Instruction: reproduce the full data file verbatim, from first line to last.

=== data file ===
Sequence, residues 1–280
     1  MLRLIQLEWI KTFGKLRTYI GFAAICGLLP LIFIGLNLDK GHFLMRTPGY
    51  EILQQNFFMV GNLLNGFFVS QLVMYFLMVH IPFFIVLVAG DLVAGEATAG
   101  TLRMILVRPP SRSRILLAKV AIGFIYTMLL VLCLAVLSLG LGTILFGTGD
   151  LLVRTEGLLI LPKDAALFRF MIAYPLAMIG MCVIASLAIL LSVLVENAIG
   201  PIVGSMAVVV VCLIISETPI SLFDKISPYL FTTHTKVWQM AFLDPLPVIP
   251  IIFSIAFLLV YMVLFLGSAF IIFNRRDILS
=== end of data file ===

Sequence, residues 1–280
     1  MLRLIQLEWI KTFGKLRTYI GFAAICGLLP LIFIGLNLDK GHFLMRTPGY
    51  EILQQNFFMV GNLLNGFFVS QLVMYFLMVH IPFFIVLVAG DLVAGEATAG
   101  TLRMILVRPP SRSRILLAKV AIGFIYTMLL VLCLAVLSLG LGTILFGTGD
   151  LLVRTEGLLI LPKDAALFRF MIAYPLAMIG MCVIASLAIL LSVLVENAIG
   201  PIVGSMAVVV VCLIISETPI SLFDKISPYL FTTHTKVWQM AFLDPLPVIP
   251  IIFSIAFLLV YMVLFLGSAF IIFNRRDILS